[TowerTalk] TEK screws
Sun, 19 Mar 2000 17:33:53 EST
I have thought of other considerations in the use of TEK self tapping
screws in addtion to the ones below. As staed below, if you wnat compression
between 2 tubing for RF conduction, the hole in the outter tubing has to be
larger. This means that the screw is threading into a .058" wall or less.of
the smaller tubing and is easy to strip. Therefore it's a good idea to add a
narrow ring of smaller tubing inside for the TEK screw for at least 1/4"
total of thread grabbing. Be sure to buy TEK screws that are 3/8" long after
the pointed area--get 1/2" and SS if you can. Coat hole and screw with
Silicone grease before and after installation. At best it gives a localized
PRESS fit for RF conduction that will be stronger than hollow pop rivets.
The closer to the end of the larger diameter tubing the better for the least
RF resistance long term if coated. I've used all these Band-Aids for years
and this screw will hold with 1/4" of grab area. But a SS hose clamp on the
end of split tubing well greased still gives the best no compromise low
resistance connection of all if coated--right at the critical "thin ring of
connection" at the diameter change.
All these problems just GO AWAY when two wires are twisted and permanently
soldered--one per element. There is a beam antenna that uses this highly
advanced concept of Longevity Antenna Design. Wire is pennies/ft compared to
aluminum to do the same job, long lengths of wire are easy to ship without
UPS restrictions and there are no "Press Fits" except at the feedpoint (which
can be soldred) in a properly designed antenna. In case you have forgot it's
called a QUAD. I check the resistance path of the DE at the end of the feed
line and record it. If that stays the same there is no electrical
deterioration. It stays at 100% effectiveness day after day and year after
year. No other antenna can make that statement in the Antenna Kingdom except
the HexBeam. Yagi's with a very tight compression fit at each joint properly
coated will do the job also. If you ever take a yagi down, check the joints
with an ohm meter.
I installed a 12M yagi 6 months ago just for a months use. I didn't coat the
joints. The great F/B ratio it had has vanished. There are a lot of unoated
beams out there that need a cleam job and coating. I'd use the grease that
has aluminum particles in it--not zinc which is a dissimilar metal. k7gco
In a message dated 17.03.00 13:18:12 Pacific Standard Time, K7GCO writes:
Yes the TEK screws work. But again it is a dissimilar metal--1 of the three
corrosion creators along with air and moisture. I coat the hole and screw.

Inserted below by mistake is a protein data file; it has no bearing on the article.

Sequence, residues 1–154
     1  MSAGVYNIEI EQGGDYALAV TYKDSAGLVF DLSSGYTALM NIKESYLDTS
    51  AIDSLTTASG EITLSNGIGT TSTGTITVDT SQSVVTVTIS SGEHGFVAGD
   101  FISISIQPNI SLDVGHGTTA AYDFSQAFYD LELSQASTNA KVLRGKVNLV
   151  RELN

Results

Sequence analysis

Make sure the inside hole drilled is the right size for the self taping
screw. Insofar as a 1/4" TEC being long enough for 2 layers of tubing
(1/4"), examine the screw and make sure the tapered area on the tip is
through or they can work out again. The hole in the outer diameter tubing
should be larger so the grip in the inner tubing can compress it to the outer
tubing for better connection and rigidity. To be sure get a 3/8". Hy Gain
used to use them and they were long enough to go through and they used lock
washers to help anchor it.
The lose fit of the tubing (what is the wall thickness of the outer tubing?)
apparently led to the rivets being all in a row which limits the contact area
of 2 round objects of different diameter. Instead of 360 degrees of contact
area there is perhaps 10-20 degrees and it mostly just at the diameter change
where the RF makes the jump. The TEK screw idea at 90 degrees is great to
anchor it wiggle wise but more rivets would do the same and they aren't a
dissimilar metal. Grease the hole and rivet. It also increases the contact
area to over 90 degrees but only at the diameter change. I like a tight
coated clamp on coated joints that gives 360 degrees of contact.
Psychologically it gives a lower resistance fit also.
Properly designed quads don't use rivets or Penatrox on the one wire
connection (just plain solder) per element, don't need rebuilding, all the
delay and crane fees. The electrical efficiency of quad element connections
remains at 100%--permanently!! Longevity of design is minimized to reduce
cost and appeal to the "tight budget ham" of many products. They will pay
far more in the end. I have a Collins KW-1 and a 75A!. In 47 years both
have only had one component replaced or more than one hour down time. In
Quality Assurance that's called a "Robust Design." The Zenith Radios of the
30's are still working 65 years later.
I have made arrangements for a Special Oven in Hell for those "Tight Budget
Mfgs" and another Oven for those who buy from them. Would you believe they
still do business with each other down there for air conditioners and other
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